Obscured entrances, abandoned warehouses, illicit substances, and endless hours. Toronto’s underground party scene may still be alive and well, but its roots rest firmly in the 90s and 2000s. Here’s a look at some of the city’s gone but not forgotten after hours staples.
The Matador is the stuff of legend at this point. Originally opened as a country bar in the west end of Toronto, the venue evolved into the most important late night music spots in the history of Toronto. The bar was frequented by such legends as Leonard Cohen, Johnny Cash, K.D. Lang, and others over the course of its history. The venue was unlicensed, but for several years had live music until 5:30 a.m. and included surprise performances from bands playing in town. The bar sold pop and an elderly woman sat in a corner and would slip you a mickey of vodka or rye in exchange for cash.
56 Kensington Avenue has a long and incredible history in the Toronto’s underground club and music scene. From punk to reggae, to eventual DJ and dance parties, the literal hole-in-the-wall in downtown Toronto’s Kensington Market was a home for underground party culture — and yes it was located in the basement. The unassuming entrance would never give away what was happening inside, which was centred around great music. At one time, 56 Kensignton was also a sneaky late night joint that you could find your way into via a separate entrance and enjoy some post-2 a.m. drinks among the Toronto night owls.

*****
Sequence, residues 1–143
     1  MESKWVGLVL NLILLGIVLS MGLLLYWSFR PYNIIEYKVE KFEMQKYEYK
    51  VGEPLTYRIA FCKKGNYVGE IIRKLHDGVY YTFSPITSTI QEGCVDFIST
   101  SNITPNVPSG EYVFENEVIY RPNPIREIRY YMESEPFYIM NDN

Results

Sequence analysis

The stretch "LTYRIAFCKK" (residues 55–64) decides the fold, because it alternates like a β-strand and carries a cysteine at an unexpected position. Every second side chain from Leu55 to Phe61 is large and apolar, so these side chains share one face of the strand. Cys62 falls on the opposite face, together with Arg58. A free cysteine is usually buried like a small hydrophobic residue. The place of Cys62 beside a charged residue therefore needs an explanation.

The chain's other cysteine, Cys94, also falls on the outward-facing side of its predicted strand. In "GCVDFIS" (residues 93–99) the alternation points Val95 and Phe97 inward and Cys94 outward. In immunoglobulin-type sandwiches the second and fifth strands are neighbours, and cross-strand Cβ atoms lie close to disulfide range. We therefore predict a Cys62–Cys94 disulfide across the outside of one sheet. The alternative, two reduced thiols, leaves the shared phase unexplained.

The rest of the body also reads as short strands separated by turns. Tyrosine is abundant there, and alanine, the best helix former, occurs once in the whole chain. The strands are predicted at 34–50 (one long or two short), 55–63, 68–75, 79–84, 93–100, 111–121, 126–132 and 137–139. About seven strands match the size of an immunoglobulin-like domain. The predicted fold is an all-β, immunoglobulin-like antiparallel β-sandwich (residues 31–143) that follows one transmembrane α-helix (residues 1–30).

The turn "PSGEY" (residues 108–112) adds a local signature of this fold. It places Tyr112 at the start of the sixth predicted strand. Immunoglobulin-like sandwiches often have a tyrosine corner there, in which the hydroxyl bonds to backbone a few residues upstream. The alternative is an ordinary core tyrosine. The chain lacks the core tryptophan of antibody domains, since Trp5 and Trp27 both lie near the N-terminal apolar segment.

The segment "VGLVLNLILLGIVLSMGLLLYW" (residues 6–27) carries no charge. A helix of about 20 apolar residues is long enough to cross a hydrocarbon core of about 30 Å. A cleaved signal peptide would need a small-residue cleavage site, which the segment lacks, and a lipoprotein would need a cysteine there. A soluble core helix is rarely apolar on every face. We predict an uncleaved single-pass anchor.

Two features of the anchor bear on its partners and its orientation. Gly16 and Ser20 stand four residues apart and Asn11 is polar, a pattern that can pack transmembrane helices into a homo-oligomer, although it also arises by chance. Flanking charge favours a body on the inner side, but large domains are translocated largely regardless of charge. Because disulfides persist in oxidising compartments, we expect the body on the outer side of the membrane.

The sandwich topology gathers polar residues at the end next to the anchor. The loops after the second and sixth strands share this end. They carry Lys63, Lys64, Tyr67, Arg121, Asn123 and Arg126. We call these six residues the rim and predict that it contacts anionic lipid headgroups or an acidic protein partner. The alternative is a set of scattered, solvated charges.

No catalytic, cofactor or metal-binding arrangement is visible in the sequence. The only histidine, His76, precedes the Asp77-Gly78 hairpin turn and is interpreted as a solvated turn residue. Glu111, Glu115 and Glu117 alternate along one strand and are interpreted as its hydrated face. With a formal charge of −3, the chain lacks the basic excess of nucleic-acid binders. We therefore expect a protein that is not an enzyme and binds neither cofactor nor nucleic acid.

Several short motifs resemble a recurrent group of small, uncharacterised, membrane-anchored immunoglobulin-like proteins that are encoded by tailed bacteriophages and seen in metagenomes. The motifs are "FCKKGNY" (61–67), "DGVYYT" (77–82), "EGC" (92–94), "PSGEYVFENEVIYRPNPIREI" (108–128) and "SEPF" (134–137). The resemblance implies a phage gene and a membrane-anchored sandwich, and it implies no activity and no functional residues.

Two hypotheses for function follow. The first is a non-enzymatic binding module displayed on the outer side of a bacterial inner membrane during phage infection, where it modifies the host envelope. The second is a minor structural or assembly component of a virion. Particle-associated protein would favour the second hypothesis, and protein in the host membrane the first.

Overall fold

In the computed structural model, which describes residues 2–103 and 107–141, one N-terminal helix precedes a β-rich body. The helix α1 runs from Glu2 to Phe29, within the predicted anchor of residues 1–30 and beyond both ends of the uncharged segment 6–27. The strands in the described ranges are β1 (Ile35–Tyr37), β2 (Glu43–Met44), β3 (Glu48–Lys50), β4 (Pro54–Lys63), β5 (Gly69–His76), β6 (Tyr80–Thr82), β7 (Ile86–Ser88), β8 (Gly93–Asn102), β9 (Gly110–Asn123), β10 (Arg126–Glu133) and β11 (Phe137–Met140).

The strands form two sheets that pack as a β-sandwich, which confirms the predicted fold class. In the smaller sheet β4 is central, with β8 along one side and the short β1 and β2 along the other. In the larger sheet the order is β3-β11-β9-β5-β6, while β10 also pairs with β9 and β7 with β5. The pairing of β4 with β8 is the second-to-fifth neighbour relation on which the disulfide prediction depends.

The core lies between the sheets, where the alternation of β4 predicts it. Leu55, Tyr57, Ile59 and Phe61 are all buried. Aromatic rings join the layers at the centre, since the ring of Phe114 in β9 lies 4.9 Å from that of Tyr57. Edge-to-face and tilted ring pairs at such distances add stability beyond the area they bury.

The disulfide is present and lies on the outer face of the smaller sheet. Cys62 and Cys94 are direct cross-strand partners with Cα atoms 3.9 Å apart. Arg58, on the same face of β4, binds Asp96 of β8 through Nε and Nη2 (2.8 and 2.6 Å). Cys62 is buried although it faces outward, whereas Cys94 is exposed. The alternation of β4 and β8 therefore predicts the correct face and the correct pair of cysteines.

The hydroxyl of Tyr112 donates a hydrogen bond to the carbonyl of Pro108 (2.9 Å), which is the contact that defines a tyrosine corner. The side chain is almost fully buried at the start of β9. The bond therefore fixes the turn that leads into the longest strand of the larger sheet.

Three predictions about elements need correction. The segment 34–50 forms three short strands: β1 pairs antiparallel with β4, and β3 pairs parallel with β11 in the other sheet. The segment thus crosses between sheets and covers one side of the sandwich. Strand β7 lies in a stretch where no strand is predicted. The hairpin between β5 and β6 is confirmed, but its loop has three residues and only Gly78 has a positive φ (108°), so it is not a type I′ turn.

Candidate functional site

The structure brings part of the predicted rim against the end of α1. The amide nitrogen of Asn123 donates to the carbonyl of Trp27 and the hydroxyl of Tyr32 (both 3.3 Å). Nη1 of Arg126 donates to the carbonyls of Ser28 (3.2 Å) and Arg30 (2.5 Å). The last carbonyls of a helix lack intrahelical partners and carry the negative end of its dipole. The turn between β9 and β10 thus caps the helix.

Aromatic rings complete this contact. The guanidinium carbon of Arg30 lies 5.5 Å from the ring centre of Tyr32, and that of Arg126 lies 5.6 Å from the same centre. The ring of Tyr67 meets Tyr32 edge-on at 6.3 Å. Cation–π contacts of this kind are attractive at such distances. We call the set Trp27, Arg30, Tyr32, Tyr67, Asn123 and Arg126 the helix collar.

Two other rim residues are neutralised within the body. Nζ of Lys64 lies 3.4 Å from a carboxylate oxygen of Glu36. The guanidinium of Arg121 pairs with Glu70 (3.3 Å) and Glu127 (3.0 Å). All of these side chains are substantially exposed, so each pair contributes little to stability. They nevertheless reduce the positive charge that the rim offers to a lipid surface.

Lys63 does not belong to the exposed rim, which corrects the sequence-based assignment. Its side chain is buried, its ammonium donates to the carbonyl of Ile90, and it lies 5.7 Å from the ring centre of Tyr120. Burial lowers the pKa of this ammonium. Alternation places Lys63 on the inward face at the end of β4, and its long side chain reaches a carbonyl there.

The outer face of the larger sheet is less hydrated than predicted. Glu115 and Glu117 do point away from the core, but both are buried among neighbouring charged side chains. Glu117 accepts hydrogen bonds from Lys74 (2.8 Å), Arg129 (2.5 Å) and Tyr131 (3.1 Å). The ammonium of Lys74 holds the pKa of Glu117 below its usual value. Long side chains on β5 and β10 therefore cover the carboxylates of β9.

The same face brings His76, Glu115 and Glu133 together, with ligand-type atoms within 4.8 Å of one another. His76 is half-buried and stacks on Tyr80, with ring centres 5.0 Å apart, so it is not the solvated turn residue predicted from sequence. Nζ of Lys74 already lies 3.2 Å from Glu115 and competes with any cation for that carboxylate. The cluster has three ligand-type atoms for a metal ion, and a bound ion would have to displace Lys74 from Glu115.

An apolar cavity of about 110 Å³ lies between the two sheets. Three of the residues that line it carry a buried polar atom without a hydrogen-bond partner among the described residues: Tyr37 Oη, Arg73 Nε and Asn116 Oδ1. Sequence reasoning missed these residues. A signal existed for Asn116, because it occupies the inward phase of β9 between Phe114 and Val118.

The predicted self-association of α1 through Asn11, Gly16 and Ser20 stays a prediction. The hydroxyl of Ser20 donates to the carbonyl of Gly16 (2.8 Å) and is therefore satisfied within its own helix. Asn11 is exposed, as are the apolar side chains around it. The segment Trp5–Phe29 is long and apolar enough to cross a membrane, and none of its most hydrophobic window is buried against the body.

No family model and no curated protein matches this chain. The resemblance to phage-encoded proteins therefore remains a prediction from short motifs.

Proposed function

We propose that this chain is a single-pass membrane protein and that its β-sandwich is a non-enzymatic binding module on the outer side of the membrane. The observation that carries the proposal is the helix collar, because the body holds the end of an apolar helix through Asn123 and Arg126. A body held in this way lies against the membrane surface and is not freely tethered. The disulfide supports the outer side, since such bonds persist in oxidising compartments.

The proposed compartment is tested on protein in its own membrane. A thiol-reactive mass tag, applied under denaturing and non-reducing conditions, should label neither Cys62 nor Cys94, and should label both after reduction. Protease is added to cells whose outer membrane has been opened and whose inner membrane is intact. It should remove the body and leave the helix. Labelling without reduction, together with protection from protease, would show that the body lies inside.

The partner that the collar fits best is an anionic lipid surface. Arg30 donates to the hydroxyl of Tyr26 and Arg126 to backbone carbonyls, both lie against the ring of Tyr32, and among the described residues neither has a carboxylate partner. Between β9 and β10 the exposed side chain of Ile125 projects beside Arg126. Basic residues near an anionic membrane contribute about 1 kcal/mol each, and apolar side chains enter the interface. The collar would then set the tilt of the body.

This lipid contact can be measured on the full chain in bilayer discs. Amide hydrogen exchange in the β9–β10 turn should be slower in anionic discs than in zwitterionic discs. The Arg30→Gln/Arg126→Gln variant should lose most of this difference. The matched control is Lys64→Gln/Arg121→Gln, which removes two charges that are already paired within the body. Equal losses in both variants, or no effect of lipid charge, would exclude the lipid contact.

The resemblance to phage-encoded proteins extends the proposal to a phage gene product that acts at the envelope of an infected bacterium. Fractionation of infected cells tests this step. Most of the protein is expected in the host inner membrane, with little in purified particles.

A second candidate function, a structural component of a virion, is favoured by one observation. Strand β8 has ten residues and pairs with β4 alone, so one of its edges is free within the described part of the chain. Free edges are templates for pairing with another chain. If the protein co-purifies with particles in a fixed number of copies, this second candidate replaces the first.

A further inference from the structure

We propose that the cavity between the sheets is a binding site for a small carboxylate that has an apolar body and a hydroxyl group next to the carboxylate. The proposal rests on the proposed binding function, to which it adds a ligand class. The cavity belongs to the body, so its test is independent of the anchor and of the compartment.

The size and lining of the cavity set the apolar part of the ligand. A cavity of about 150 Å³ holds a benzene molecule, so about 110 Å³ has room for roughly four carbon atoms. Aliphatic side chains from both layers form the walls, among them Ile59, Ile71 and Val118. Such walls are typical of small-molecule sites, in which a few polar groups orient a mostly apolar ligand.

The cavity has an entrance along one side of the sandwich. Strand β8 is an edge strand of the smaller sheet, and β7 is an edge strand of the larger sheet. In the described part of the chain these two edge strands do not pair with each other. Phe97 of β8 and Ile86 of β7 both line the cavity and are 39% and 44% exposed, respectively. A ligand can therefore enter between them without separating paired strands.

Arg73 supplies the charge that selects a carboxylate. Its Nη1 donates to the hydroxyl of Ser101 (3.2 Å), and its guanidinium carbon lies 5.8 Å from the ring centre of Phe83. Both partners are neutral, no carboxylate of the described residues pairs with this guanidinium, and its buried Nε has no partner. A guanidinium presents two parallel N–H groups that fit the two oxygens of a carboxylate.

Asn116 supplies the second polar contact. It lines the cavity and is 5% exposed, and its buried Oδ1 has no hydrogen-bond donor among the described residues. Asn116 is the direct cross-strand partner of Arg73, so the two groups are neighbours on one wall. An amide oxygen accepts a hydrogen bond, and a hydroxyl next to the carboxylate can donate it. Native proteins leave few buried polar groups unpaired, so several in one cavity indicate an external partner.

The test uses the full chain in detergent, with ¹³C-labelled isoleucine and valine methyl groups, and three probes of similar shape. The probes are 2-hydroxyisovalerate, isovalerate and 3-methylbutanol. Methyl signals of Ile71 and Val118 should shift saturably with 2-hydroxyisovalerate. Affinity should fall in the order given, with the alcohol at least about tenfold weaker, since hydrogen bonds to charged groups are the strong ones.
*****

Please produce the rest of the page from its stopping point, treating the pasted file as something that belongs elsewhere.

Jesse Keeler from Death From Above (right). Photo by Mike Wallace
The early nineties saw the emergence of rave culture in Toronto pioneered by Don Burns (DJ Dr. Trance) and others. The phenomenon was massive, including raves at the Ontario Science Centre.
At the centre of much of this movement was an abandoned Warehouse on 31 Commissioners Street, around the corner from Rebel Nightclub’s current location. In this warehouse, on select Fridays, one of the best rave parties in the North America would take place into the wee hours of the morning. The biggest DJs in North America would show up and entertain thousands of ravers who were thirsty for pulsing rhythms and often fueled by their chemical(s) of choice. The parties raged on well after last call and are emblematic of a forgotten underground scene in this city that, for those involved, carry a mix of memories ranging from euphoric joy to harsh and gritty comedowns.
In the mid-to-late 2000s on Spadina Ave, just north of Queen Street there was a fairly exclusive after hours club on the second floor of a retail space. The scene was mainly restaurant and bar workers looking for a place to unwind and have a drink after working last call. The music was mainly hip-hop and the vibe was laid back and ultra cool.
Raided in 2009, The Film Lounge was one of the go-to spots for after hours party fiends looking for late night comforts such as dancing, booze, and whatever other party accouterments they might desire. Located in the upper floor of an inconspicuous building smack dab in the middle of China Town on Dundas Street West, Film Lounge’s location outside the club district offered an alternative late night clubbing option.